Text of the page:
Tampa Bay Buccaneers Let’s just say this: the Bucs are serious about “going for two.” Carmen Vitali
Not only did the Tampa Bay Buccaneers make NFL history by becoming the first team to play in - and subsequently win - a Super Bowl in their home stadium, they are continuing their historic run going into 2021. All 22 starters on offense and defense that appeared on the Super Bowl LV flip card roster will be on the team for 2021, a first in the NFL's salary cap era.
The funny thing about success is that while attaining it is hard, sustaining it may be even harder. It takes more effort and more sacrifice to stay at the top - and there are far from guarantees. This Bucs team apparently knows that, which is why they're trying to give themselves every advantage in an attempt to "go for two" this coming season. That starts with prioritizing something very elusive in today's NFL game: continuity.
Defensive tackle Ndamukong Suh made things official on Monday when he re-signed with the team, becoming the final of the 22 starters to return for the 2021 season. Perhaps more than any other of the Bucs' six free agent Super Bowl starters, Suh has the most experience on other teams and holds the most individual career success. For him, especially, what was left to do? Why stick around?
"At the end of the day, I wanted to have an opportunity to come back with a group of guys that have an opportunity to potentially go back in and earn another ring," said Suh on Monday. "The sky's the limit for us. We just got to continue to hone in and understand what Coach Arians wants from each one of us and really embrace our roles, so I'm excited."
"The bond that we had, the bond that we shared this year, it's like no other, with the coaching staff included," said inside linebacker Lavonte David when speaking to the media after signing his new contract with Tampa Bay a few weeks ago. "Everybody is a real tight-knit group and that's something I haven't been around in a while and it's something I definitely want to be a part of."
Suh and David were two of the Bucs' long list of free agent re-signings. General Manager Jason Licht has been busy to say the least, following a promise made by Head Coach Bruce Arians to the crowds at the Super Bowl Championship boat parade that these guys were 'not going nowhere.' Wide receiver Chris Godwin was franchise tagged. Outside linebacker Shaquil Barrett was given a long-term deal. Lombardi Lenny signed back on for another season in Tampa, as did tight end Rob Gronkowski, while key rotational pieces like Aaron Stinnie, Rakeem Nunez-Roches, Kevin Minter and Josh Wells were all retained. Mr. Anything but Irrelevant in kicker Ryan Succop was given a new deal, too.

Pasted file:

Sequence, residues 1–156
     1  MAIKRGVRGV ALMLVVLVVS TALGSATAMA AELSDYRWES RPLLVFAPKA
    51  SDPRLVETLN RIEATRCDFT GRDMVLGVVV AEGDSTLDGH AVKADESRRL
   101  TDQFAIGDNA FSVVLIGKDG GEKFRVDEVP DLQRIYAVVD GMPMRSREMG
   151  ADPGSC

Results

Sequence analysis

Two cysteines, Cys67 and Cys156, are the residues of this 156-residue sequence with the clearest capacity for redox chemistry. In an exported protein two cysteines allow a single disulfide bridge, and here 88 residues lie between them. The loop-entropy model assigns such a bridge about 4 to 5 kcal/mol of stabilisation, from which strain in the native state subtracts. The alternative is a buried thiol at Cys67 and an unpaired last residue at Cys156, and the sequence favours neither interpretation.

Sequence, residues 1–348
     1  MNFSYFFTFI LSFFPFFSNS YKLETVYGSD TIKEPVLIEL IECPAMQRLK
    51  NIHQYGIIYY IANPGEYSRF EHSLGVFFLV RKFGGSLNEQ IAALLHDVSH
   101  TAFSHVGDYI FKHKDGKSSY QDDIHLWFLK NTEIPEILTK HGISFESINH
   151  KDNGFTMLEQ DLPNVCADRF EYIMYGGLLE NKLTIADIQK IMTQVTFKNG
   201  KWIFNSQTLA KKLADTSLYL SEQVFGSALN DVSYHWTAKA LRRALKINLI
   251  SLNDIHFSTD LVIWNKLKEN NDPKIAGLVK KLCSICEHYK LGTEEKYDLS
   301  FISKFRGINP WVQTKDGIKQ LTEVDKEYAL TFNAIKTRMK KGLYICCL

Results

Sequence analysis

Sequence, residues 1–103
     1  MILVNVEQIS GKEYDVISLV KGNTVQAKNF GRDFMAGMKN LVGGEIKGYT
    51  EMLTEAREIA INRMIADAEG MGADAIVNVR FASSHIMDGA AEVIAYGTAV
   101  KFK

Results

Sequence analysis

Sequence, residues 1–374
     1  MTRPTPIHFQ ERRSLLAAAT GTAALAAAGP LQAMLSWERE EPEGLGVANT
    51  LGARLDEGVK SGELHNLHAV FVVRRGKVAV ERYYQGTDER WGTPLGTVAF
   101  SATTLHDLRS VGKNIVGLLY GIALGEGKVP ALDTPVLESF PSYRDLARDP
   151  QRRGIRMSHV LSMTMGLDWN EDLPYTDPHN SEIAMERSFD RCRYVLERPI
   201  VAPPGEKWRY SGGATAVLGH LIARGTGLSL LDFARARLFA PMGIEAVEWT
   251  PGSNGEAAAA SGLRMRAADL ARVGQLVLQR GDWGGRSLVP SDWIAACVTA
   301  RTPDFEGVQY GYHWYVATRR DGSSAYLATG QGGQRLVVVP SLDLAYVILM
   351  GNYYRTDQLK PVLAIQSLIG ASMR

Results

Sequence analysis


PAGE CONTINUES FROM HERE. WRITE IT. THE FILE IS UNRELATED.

The overwhelming sentiment among nearly every free agent we've heard from was that this group of men is special. Therefore, it's worth the sacrifice of more money or lengthier contracts in order to keep the band together. Imagine if John Lennon never listened to Yoko Ono. Or if Ginger never left the Spice Girls. There's probably some Marvel Universe parallel to be drawn here, too. And while no, these aren't exactly the same thing, the point is that achieving success together and remaining together is rare. When it happens, though? Well, there's precedent in the NFL for that success continuing.
While it's true that the Bucs are the only team in the salary-cap area (since 1994) to return all of their Super Bowl starters, prior to that, the 1977 Oakland Raiders did the same, according to Elias Sports Bureau. They went as far as the AFC Championship game the following season. Even more impressive: the 1979 Super Bowl Champion Pittsburgh Steelers returned their entire Week One roster of their championship roster and ended up repeating as Super Bowl Champions.
The Buccaneers will now attempt to pick up right where they left off, which was playing their best football down the final stretch of last season. Tampa Bay captured their second Lombardi Trophy by capping off an eight-game win streak, last losing in Week 12 against the Kansas City Chiefs, falling by a field goal to the team they'd eventually beat in Super Bowl LV. Tampa Bay rolled through four division winners in the playoffs to become champions of the NFL world. And though it was a high note, that wasn't something Licht and his team wanted to see end any time soon.
"I think everybody wanted to be back," said Licht. "Everybody's very excited. That's the common theme. Everybody's very excited to come here and try to do it again."